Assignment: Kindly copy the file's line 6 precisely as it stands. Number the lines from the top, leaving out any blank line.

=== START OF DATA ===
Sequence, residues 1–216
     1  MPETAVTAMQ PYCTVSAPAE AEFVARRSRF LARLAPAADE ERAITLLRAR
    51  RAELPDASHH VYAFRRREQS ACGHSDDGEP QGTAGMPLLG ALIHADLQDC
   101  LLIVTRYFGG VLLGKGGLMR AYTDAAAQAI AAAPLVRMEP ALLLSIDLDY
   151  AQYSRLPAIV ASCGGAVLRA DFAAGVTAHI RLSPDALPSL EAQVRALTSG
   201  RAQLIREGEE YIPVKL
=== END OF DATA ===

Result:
   201  RAQLIREGEE YIPVKL